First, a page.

(WASHINGTON) — The Bureau of Ocean Energy Management (BOEM) recently announced the approval of the nation’s fifth and sixth commercial-scale offshore wind energy projects: Coastal Virginia Offshore Wind (CVOW) and Empire Wind off the coast of New York and New Jersey.
The announcements support the Biden administration’s goal of deploying 30 gigawatts of offshore wind energy capacity by 2030, following the approval of the Vineyard Wind 1, South Fork Wind, Ocean Wind 1 and Revolution Wind projects.
Located approximately 23.5 nautical miles offshore Virginia Beach, the CVOW commercial project is the largest yet, and would provide about 2,600 megawatts of clean, reliable offshore wind energy, capable of powering over 900,000 homes. The project is expected to provide about 900 jobs each year during the construction phase and support an estimated 1,100 annual jobs during the operations phase, generating vital economic development for Virginia’s Hampton Roads area and supporting investments in the Virginia coastal region as a hub for offshore wind development and support.
The announcement comes on the heels of an Oct. 27 event in Portsmouth, Va., to celebrate the arrival of the first eight monopile foundations for the CVOW project. The foundations will be staged at the Portsmouth Marine Terminal until construction begins next spring.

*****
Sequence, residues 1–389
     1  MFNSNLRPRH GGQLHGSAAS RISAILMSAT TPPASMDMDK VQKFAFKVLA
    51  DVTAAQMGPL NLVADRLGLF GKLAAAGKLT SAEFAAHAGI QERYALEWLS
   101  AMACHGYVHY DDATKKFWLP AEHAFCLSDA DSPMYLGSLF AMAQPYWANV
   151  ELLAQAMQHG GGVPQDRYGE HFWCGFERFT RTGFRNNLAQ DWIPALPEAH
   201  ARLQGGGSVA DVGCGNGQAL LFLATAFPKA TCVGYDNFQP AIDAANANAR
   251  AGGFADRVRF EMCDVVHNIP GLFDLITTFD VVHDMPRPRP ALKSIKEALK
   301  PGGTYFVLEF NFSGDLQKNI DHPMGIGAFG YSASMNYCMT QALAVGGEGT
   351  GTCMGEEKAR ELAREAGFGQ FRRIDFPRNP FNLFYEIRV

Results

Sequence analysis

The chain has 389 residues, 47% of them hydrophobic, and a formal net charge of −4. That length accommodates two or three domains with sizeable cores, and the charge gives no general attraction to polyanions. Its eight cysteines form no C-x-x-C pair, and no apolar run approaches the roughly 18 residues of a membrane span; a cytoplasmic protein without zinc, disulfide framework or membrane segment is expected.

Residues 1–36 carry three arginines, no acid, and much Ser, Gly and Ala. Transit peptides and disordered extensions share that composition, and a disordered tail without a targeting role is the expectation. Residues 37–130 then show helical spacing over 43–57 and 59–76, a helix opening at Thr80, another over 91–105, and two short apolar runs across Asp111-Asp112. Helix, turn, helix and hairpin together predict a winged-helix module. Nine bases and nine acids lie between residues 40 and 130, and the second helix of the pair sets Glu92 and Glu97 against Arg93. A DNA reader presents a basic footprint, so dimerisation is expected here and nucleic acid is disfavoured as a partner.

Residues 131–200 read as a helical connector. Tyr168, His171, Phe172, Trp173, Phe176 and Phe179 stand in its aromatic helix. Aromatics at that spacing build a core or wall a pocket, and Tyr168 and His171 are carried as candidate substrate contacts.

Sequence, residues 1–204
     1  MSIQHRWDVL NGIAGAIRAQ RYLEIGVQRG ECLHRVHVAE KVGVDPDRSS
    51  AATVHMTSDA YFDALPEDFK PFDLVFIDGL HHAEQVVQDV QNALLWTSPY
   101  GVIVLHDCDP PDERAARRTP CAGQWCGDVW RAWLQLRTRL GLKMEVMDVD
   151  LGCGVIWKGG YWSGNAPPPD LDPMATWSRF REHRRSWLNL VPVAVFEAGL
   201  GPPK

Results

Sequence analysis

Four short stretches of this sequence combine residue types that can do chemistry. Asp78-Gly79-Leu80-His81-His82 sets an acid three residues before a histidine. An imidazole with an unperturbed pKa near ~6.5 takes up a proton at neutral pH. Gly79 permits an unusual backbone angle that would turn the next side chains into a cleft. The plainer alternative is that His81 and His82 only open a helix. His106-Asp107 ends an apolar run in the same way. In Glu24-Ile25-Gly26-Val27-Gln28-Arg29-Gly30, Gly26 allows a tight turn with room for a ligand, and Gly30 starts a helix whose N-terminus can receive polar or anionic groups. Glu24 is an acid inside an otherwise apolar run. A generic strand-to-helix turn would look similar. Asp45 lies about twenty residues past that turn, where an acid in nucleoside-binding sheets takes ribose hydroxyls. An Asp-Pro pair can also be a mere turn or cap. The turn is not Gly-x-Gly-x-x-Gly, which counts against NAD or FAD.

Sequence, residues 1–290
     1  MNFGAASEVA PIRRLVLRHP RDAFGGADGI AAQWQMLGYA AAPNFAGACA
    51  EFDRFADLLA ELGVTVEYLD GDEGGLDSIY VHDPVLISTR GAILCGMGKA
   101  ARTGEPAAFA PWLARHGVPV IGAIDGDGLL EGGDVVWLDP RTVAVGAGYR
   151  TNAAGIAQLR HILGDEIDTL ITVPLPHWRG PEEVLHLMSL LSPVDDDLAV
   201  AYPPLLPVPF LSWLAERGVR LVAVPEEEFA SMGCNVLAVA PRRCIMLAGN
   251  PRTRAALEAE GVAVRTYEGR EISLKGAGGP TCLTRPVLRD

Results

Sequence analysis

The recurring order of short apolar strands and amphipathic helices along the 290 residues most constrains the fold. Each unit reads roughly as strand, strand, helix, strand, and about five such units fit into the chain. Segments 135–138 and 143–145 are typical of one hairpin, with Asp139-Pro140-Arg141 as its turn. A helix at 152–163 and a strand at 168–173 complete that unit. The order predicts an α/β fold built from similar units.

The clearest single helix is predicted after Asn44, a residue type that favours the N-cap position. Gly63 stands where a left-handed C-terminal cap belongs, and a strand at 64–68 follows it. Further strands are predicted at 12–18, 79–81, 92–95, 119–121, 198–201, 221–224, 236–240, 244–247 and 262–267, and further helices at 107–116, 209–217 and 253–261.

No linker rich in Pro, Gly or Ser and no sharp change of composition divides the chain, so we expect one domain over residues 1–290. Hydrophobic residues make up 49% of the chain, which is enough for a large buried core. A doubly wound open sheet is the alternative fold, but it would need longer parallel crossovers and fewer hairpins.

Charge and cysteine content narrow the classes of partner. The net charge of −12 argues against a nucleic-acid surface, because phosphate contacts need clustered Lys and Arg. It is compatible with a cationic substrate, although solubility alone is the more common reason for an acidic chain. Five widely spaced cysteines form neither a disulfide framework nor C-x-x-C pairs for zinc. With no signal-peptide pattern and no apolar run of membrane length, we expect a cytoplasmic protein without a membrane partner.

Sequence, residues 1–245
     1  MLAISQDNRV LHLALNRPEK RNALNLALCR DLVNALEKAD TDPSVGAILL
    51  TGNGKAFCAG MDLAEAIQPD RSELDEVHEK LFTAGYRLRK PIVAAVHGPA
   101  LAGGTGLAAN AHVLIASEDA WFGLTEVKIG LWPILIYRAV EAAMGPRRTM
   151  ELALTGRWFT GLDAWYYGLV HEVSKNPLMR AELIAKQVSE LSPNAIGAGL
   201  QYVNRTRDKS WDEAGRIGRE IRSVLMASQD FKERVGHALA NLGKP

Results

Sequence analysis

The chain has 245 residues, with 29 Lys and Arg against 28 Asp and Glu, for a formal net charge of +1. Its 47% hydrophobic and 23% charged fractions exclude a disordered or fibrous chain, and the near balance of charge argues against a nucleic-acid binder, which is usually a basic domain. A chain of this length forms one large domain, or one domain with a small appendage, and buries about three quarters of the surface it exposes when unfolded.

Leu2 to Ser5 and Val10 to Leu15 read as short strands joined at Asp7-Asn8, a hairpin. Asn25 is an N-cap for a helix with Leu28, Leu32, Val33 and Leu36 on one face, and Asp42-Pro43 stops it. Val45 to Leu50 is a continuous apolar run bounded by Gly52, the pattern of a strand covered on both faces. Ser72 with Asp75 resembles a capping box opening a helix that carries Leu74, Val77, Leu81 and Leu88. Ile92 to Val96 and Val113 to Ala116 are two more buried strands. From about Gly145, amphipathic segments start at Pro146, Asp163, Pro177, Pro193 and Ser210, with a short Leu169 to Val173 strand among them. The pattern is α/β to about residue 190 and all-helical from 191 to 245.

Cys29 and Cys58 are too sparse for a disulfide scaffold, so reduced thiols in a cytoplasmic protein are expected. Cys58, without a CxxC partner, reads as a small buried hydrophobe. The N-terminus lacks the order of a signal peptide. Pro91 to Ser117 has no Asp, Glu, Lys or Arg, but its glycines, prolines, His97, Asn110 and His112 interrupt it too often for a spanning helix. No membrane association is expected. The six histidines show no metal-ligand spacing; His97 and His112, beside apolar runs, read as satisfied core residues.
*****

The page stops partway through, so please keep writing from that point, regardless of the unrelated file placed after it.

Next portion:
After considering the analysis and alternatives in the final environmental impact statement (EIS), including public comments on the draft EIS, the Interior Department has approved a combination of Alternative B and Alternative D-1, which includes up to 176 wind turbine generators, each with a capacity of 14.7 megawatts. This combination will reduce impacts to navigation and a known fish haven, allow for ocean co-use, and meet the energy needs of Virginia.
Farther northeast, Empire Wind US LLC proposes to develop two offshore wind facilities, known as Empire Wind 1 and Empire Wind 2. The lease area is located about 12 nautical miles (nm) south of Long Island, N.Y., and about 16.9 nm east of Long Branch, N.J.
Together these projects would have up to 147 wind turbines with a total capacity of 2,076 megawatts that could power more than 700,000 homes each year. The projects would support over 830 jobs each year during the construction phase and about 300 jobs annually during the operations phase.
The Bureau of Ocean Energy Management (BOEM) has held four offshore wind lease auctions, which have brought in almost $5.5 billion in high bids, including a record-breaking sale offshore New York and New Jersey and the first-ever sales offshore the Pacific and Gulf of Mexico coasts.
BOEM has also advanced the process to explore additional opportunities for offshore wind energy development in the Gulf of Maine and offshore Oregon and the central Atlantic coast. The Interior Department has also taken steps to evolve its approach to offshore wind to drive toward union-built projects and a domestic-based supply chain.
– Bureau of Ocean Energy Management